Over the last decade there has arisen considerable disquiet about the relationship between criminal justice and its publics.
This has been expressed in a variety of different ways, ranging from a concern that state criminal justice has moved too far away from the concerns of ordinary people (become too distant, too out of touch, insufficiently reflective of different groups in society) to the belief that the police have been attending to the wrong priorities, that the state has failed to reduce crime, that people still feel a general sense of insecurity.
Governments have sought to respond to these concerns throughout Europe and North America but the results have challenged people's deeply held beliefs about what justice is and what the state's role should be.
The need to innovate in response to local demands has hence resulted in some very different initiatives.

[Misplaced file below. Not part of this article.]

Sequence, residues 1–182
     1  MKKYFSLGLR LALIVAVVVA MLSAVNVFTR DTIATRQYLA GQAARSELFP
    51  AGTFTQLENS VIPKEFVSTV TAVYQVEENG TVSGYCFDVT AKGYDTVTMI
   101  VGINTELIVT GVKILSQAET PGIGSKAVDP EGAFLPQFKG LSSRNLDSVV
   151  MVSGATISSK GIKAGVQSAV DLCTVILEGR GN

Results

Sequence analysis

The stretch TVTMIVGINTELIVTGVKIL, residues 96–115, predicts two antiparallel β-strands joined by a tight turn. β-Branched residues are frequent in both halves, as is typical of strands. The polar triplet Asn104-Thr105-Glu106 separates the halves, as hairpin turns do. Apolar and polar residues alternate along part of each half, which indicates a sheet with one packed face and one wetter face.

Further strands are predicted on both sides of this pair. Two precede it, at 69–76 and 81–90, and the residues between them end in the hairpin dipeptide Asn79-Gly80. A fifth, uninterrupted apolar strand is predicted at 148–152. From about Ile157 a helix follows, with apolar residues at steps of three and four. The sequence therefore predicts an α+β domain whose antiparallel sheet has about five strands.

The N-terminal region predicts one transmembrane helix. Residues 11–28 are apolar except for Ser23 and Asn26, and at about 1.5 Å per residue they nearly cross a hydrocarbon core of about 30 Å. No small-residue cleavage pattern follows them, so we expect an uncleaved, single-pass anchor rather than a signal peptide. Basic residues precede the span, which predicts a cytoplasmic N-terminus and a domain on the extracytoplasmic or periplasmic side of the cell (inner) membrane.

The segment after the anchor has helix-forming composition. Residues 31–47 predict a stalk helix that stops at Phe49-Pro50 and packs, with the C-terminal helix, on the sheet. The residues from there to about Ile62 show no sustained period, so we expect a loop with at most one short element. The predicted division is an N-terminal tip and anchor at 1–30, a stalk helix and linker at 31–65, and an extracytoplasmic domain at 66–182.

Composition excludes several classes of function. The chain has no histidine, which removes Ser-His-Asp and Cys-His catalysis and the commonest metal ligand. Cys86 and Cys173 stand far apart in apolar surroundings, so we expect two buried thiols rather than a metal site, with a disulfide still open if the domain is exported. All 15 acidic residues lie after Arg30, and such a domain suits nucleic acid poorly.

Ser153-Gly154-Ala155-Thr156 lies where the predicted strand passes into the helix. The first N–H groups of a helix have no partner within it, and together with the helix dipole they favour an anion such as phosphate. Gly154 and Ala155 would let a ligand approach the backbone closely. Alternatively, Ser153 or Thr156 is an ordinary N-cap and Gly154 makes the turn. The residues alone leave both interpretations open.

This book is concerned to delve further into this contested relationship between criminal justice and its publics.
Written by experts from different countries as a new initiative in comparative criminal justice, it reveals how different the intrinsic cultural attitudes in relation to criminal justice are across Europe.
This is a time when states' monopoly on criminal justice is being questioned and they are being asked on what basis their legitimacy rests, challenged by both globalization and localization.
The answers reflect both cultural specificity and, for some, broader moves towards reaching out to citizens and associations representing citizens.